Defensive +/-

    RAPM data and a review of adjusted +/- methods

    In this category, there are 3 numbers I will look at. RAPM with prior seasons (good predictor for team performance), RAPM for just this season, and unadjusted On/Off. RAPM is a type of adjusted +/- that reduces noise by applying a penalty factor to players who's performance stray far from the mean. In other words, it assumes everybody is about average, and for a player to prove otherwise they need to be really good or really bad over a significant sample of games.

    • RAPM_withprior: This uses multiple seasons as prior information to improve out-of-sample predictions of team performance with the player.
    • RAPM_noprior: Just standard RAPM, based only on performance this season. +/- ratings will naturally gravitate towards 0 due to lack of information.
    • unadjusted On/Off: This is the difference in team defensive efficiency when the player is on the floor versus when the player is off the floor. No adjustment is made for teammates or opposition.

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    <table class="tableizer-table"> <tr style="background-color: #104E8B; color: #FFF; font-weight: bold;"><th>Name</th><th>DEF On/Off</th><th>DEF RAPM-no-prior</th><th>DEF RAPM-with-prior</th></tr> <tr><td>Lowry, Kyle</td><td>13.27</td><td>0.2</td><td>2.2</td></tr> <tr><td>Fisher, Derek</td><td>1.43</td><td>0.5</td><td>1</td></tr> <tr><td>Paul, Chris</td><td>-0.22</td><td>-0.5</td><td>1</td></tr> <tr><td>Conley, Mike</td><td>9.2</td><td>0.5</td><td>0.9</td></tr> <tr><td>Rubio, Ricky</td><td>9.66</td><td>0.8</td><td>0.4</td></tr> <tr><td>Parker, Tony</td><td>4.95</td><td>-0.1</td><td>0.2</td></tr> <tr><td>Felton, Raymond</td><td>1.49</td><td>0</td><td>0</td></tr> <tr><td>Nash, Steve</td><td>-1.42</td><td>-0.4</td><td>-0.1</td></tr> <tr><td>Lawson, Ty</td><td>6.32</td><td>0.5</td><td>-0.3</td></tr> <tr><td>Westbrook, Russell</td><td>4.64</td><td>-0.1</td><td>-0.4</td></tr> <tr><td>Jack, Jarrett</td><td>-8.39</td><td>-0.7</td><td>-1.2</td></tr></table>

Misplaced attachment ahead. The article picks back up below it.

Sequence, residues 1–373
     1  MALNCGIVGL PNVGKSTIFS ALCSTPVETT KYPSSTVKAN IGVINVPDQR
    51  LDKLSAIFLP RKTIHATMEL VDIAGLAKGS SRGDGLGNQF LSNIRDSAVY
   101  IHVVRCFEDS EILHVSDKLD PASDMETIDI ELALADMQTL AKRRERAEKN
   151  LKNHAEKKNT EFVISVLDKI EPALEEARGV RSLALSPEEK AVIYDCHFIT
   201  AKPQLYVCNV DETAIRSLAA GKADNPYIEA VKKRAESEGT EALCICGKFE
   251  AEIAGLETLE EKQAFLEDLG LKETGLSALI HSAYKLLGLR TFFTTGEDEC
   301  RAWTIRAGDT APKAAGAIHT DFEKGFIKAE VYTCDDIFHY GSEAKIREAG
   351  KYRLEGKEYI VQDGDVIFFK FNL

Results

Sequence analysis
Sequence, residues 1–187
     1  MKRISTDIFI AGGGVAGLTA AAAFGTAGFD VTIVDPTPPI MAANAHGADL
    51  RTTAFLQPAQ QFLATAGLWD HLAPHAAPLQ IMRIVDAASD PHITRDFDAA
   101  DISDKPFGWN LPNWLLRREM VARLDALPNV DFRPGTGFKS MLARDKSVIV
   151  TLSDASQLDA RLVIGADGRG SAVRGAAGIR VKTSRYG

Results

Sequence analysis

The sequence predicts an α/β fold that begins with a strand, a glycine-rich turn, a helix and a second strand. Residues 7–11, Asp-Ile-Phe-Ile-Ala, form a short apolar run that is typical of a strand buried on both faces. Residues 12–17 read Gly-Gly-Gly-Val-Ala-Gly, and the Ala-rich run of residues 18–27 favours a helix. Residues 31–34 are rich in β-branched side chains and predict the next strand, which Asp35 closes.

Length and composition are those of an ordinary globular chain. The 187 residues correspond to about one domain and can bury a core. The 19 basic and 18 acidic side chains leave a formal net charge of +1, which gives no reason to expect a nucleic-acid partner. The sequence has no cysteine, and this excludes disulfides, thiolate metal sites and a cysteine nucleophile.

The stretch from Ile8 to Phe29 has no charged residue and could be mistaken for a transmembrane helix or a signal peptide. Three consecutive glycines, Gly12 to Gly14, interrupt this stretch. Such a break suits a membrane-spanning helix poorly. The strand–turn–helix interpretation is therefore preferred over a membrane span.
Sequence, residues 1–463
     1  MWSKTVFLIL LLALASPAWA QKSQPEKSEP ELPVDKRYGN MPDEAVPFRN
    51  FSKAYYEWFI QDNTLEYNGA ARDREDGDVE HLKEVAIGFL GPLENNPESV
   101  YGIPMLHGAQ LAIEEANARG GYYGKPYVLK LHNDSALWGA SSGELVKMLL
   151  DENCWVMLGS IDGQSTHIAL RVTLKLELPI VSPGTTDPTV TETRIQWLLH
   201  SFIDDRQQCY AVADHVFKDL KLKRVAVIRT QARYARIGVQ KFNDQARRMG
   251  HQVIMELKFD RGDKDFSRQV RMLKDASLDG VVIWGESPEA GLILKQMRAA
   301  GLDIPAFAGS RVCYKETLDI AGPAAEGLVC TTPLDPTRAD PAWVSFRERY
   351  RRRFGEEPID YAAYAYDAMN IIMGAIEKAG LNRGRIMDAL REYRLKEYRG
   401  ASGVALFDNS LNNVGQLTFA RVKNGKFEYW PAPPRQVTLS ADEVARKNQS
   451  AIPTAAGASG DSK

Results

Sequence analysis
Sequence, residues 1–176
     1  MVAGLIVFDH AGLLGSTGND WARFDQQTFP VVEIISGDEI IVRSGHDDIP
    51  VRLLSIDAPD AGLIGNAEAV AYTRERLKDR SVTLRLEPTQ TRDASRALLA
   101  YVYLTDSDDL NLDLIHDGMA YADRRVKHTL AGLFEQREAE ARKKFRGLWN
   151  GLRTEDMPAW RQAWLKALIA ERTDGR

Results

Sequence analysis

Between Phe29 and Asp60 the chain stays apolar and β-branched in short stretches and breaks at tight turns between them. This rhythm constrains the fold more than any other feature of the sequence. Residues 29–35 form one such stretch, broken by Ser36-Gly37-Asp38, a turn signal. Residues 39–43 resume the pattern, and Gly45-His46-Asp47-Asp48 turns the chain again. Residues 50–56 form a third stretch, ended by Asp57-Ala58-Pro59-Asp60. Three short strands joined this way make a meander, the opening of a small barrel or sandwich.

Note: The unadjusted On/Off defensive numbers are from basketballvalue.com, except for Mike Conley. Conley's unadjusted On/Off comes from 82games.com and is a game or two out of date.

    Amongst the sample, Lowry rates well by +/-. His defensive adjusted +/- rating for just this season does not stand out even with the gawdy On/Off numbers. From the fairly limited sample of games, RAPM isn't able to credit Lowry for the increased defensive performance over players like Dalembert, Scola, and Parsons. If we look at RAPM with previous seasons as prior information (which is meant to be more reliable), Lowry ranks first in this sample of players.

    Boxscore Stats

    More on Oliver's Defensive Rating formula ...

    Basketball-reference.com provides DRTG for every player, based on the formula described in Dean Oliver's book (Basketball on Paper). A significant component of this rating is the team defensive efficiency. However, there may be a significant disparity between the team's defensive efficiency with the player on the floor and with the player off the floor. Using data at basketballvalue.com, I can adjust for this. The form of the DRTG formula is:

    DRTG = 0.8*TmDRTG + 0.2 * 100*IndividualDef*(1-Stop%)


    So, adjusted DRTG is simply:

    adj_DRTG = 0.8*(OnCourt_TmDRTG - TmDRTG) + DRTG